Google Local Search Stats for Black Friday

As promised in our post about the impacts of the October 27th Google update, we have put together a quick look at the traffic trends we saw for retails outlets on Black Friday and Cyber Monday.

About The Data

  • Sample (hundreds) of retail chain locations across the United States (other verticals responded differently and this analysis focuses only on retail stores)
  • Click and ‘click action’ data from Google Places for November 12th through December 12th
  • All locations have clean, complete and verified listings in Google Places

Our first step was to take a look at the number of clicks generated per day across the sample locations.  We took this data and indexed the performance to the click totals on November 12th:


Few things standout on this graph:

  • Not all that surprisingly, Black Friday was the best day in terms of the number of clicks generated
  • Local traffic popped on Cyber Monday as well
  • Big slowdown going into the Thanksgiving holiday
  • Black Friday is just a launching pad for the season with local traffic accelerating strongly starting in early December

Now we wanted to understand a bit more about the Black Friday burst versus the Cyber Monday burst – specifically if Black Friday is truly a ‘physical’ and in-store event while Cyber Monday is an online event.  To do this, we simply looked at the click actions (as reported by Google) for clicks to the location’s website versus clicks for directions to the location.  We used this data as a metric to help understand what people’s intent was once they found the local listing:


The data showed a material difference in the click behavior with a full 10% of user clicks shifting from directions to website on Cyber Monday.  While this data is not perfect (for example, many people going to the website just ended up using the on-site functionality to get directions) is does provide a reasonable proxy for the behavior of shoppers on these two days.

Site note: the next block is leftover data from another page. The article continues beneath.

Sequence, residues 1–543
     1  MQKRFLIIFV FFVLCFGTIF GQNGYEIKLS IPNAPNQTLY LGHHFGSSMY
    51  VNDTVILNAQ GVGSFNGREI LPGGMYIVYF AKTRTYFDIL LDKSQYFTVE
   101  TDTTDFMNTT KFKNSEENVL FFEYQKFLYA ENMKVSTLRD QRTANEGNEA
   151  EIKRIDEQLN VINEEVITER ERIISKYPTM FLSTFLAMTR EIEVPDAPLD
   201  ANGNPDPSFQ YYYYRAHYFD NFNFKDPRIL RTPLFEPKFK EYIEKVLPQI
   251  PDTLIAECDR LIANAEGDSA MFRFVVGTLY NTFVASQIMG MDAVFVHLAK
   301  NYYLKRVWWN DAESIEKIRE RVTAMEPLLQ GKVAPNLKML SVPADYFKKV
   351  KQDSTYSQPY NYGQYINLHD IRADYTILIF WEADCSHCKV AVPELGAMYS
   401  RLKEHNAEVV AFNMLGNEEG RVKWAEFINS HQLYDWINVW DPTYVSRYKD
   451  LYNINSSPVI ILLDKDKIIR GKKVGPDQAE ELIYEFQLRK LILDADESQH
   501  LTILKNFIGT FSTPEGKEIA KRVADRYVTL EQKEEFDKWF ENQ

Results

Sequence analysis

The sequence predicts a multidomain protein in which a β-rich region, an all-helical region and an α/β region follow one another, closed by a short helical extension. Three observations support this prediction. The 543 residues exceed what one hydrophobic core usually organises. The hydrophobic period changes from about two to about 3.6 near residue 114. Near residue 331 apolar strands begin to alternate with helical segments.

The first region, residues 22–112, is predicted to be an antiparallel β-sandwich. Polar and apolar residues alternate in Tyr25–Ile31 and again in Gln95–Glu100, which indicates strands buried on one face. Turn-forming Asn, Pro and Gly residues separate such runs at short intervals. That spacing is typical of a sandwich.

In early 2011 we will be posting an analysis of the entire 2010 holiday shopping season.  Follow us on Twitter or Facebook to get the latest updates as they become available.  Thanks!

Google Local Updates: Performance Impact Analysis

Right around October 27th Google rolled out an update to both how they rank their local listings and how they integrate those local listings into the main search result pages.  While the 3-pack and 7-pack still exist, this layout is starting to become the norm for local listings on the main Google results page:


To help understand what these changes mean to local businesses listed on Google, we have put together an analytical summary of what we saw during and after this update.

About The Data

  • Sample of retail chain locations across the United States (other verticals responded differently to the change and these number apply only to retail stores)
  • Click and Impression data for October 18th through November 14th, as reported in Google Places
  • Removed outliers based on total number of clicks and/or impressions
  • All the locations have clean, complete and verified listings in Google Places

Summary of Results

  • Significant CTR improvements
  • Some of the CTR improvement is driven by increased impressions for branded traffic
  • The number of reviews for a location seems to have impacted overall traffic growth for the location
  • The average review rating does not seem to be connected to overall traffic

Details and Graphs

The impact of the change is clear when looking at the clicks and impressions: